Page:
Emma Peeters (Nicole Palo, 2018): Canada | Belgium

Reviewed by William Edwards at the Santa Barbara Film Festival 2109.

I found this movie both delightful and inventive.  You can definitely refer to it as a “dark comedy” since it navigates a very taboo subject: suicide.  That inevitably invites the social requirement: if you our a loved one has attempted or even gone through with a suicide, this type of movie may not be your cup of tea and may even come across as distasteful.

However, if these initial conditions are overcome, in my view, it is a very well-thought our and polished comedy.  For one thing, it’s one of the rare movies that shows a relationship between a person and their undertaker and this emerges from the general story: a 35 year old woman appears to be going nowhere with her life, so she decides that the solution to her problem is suicide.  And all sorts of humorous situations occur including a wacky relationship with a rather…well, wacky undertaker, her undertaker who she has enlisted to handle her suicide which she has meticulously organized.  Also, included in this narrative are Shakespearean misunderstandings and other plot devices which moves the plot along in very interesting directions that make it very entertaining.  Of course, since this is a comedy, the plot could not very well take the narrative to it’s logical conclusion – an actual suicide – which would inevitably convert it into a tragedy – which the viewerw would intuitively realize – nevertheless, this movie has underpinnings which I believe are something of the nature of the “philosophical”.

Without giving too much of the narrative away, the whole exercise of taking a life has very much to do with how we “make a life” and the movie does address these rather fundamental, philosophical questions.  After all, Emma, at least during the start of the movie does not appear at first blush to be living the life of derelict or even degradation.  She has a job, she has a family, she has friends and she has a nice apartment.  So, that begs the question: why is she attempting suicide?   And that’s actually the Journey of the movie.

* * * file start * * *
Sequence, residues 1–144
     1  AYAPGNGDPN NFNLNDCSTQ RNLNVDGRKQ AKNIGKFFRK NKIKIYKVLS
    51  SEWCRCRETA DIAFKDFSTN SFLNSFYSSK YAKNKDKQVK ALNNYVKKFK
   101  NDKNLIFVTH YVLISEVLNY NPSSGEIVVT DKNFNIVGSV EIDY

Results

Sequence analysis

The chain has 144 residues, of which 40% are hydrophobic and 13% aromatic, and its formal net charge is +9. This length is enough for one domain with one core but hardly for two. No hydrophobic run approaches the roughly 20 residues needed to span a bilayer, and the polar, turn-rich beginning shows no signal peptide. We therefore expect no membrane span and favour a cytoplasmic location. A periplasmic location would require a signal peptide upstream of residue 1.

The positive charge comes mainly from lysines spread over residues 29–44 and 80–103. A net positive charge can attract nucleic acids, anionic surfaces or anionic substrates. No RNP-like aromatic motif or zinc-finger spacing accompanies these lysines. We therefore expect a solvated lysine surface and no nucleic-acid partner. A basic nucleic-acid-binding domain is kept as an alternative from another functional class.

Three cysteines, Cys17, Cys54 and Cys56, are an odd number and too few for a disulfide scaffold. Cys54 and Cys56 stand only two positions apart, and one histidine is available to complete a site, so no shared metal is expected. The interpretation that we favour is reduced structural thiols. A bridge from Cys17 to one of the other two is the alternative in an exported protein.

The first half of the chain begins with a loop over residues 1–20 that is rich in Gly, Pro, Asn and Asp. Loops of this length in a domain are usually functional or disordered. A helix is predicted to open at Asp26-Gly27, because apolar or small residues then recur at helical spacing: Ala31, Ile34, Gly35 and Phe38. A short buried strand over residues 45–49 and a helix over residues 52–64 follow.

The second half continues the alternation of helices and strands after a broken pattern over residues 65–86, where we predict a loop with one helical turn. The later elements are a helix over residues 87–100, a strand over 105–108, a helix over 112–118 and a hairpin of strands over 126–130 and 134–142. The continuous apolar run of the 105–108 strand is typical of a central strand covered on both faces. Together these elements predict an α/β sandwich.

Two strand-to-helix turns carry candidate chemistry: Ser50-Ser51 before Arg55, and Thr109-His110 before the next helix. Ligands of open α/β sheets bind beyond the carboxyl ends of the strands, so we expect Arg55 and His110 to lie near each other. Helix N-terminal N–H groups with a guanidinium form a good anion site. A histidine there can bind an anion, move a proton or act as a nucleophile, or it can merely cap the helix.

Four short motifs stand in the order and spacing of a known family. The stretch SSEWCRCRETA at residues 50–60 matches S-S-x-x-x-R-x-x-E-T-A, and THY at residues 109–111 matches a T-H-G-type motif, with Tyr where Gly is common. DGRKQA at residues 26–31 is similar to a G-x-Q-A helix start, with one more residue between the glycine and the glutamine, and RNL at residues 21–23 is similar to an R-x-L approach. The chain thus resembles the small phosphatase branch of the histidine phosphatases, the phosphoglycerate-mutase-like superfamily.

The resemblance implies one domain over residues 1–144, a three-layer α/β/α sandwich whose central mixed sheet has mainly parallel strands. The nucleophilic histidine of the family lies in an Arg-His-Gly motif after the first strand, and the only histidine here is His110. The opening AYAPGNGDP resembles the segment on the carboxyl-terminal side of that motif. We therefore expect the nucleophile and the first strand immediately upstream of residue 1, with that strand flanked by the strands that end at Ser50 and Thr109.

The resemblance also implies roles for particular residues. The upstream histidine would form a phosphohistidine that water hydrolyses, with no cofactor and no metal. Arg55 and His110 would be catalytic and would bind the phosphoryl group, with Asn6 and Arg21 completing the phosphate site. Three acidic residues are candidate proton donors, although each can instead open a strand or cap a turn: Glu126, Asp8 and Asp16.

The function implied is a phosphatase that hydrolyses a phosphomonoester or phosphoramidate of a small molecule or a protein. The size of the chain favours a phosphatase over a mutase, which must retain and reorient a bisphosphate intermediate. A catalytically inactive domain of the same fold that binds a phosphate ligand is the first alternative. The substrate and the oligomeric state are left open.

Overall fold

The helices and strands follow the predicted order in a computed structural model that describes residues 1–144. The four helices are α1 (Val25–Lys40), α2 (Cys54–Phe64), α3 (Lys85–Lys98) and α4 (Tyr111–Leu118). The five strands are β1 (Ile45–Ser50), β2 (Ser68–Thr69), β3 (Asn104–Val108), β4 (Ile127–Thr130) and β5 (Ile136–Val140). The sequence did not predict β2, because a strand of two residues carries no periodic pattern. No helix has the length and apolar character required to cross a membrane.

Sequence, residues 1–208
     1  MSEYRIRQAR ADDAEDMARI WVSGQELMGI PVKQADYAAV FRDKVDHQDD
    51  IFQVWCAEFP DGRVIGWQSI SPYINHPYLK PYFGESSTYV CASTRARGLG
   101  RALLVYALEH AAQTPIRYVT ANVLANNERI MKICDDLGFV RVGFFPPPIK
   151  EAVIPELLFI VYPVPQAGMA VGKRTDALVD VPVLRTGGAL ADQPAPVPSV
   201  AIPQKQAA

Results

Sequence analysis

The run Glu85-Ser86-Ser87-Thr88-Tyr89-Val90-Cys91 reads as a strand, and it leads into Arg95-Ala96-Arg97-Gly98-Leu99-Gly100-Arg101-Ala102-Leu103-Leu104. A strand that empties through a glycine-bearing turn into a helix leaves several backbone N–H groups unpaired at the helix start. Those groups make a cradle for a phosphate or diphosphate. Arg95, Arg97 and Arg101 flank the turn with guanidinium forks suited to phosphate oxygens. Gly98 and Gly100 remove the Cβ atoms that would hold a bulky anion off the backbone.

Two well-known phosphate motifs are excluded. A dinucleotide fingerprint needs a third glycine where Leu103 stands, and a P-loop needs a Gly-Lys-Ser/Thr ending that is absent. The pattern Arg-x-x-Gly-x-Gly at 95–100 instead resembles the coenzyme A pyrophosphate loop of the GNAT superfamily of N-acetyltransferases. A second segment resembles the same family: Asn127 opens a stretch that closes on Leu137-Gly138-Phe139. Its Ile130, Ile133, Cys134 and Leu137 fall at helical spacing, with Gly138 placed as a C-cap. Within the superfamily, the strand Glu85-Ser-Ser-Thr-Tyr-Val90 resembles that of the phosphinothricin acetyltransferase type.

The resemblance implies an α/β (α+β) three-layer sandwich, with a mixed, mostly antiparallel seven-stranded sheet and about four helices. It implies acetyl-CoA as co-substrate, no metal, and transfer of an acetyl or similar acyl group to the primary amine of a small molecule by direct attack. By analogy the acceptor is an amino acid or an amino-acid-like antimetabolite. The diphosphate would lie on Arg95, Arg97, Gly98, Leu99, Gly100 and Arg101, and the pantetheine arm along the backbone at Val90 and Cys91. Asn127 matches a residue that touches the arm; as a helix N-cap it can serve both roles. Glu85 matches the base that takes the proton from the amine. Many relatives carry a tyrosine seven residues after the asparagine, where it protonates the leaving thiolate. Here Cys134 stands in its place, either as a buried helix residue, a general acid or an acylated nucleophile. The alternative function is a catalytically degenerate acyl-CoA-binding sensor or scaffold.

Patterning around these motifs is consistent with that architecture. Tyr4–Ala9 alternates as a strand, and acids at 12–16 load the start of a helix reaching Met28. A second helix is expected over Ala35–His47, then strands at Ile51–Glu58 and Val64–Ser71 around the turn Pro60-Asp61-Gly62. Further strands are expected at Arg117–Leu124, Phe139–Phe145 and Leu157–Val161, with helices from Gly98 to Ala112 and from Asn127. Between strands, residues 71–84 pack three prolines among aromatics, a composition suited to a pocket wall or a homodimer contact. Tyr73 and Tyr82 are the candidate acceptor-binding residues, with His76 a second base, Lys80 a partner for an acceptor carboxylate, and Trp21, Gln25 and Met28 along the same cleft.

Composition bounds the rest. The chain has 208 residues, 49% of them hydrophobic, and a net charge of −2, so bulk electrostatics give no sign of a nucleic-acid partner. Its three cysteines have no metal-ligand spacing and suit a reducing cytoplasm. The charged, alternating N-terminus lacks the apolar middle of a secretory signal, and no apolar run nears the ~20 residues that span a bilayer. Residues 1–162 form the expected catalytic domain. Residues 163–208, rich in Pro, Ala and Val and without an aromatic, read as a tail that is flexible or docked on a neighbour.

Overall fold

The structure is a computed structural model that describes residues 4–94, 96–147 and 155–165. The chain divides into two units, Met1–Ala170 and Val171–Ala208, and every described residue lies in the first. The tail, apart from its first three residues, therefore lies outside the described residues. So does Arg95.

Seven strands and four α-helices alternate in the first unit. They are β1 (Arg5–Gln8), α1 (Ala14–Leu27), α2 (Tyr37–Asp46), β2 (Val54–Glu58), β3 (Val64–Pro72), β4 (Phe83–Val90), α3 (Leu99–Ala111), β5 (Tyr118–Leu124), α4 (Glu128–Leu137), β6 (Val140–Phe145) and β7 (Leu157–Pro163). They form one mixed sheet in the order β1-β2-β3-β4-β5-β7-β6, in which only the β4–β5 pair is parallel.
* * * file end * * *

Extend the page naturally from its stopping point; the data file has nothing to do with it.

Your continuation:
What she actually finds out is that life is not about what is given but what you make of it.  And that’s very much what we see right from the get-go: Emma has a bad attitude.  In fact, I found myself not liking her because of this and I realized that was the whole point and that’s why the actress Monica Chokri does such a good job here.  Some comes across as something of the order of unattractive, even though she is physically attractive.  And consider this: an unattractive personality is often having trouble with existence – that’s why they’re complaining, criticizing and bitching…or just doesn’t care.   And what Emma Peeters learns is not that it’s a “Wonderful life” but that we have the potential to “make something of our life” which in my view, is what life’s really about.  So, in this case, what we start out with is something of a dingy comedy, but ends up to be something more profound; even much like Groundhog Day.  We can change things – through our attitude and intention adjustment – and make something rich out of something sour.  And perhaps that’s why the writer started with a taboo and dramatic subject: a suicide, because after all, the viewer will realize that her decision to live has something to do with how she “handled life”.


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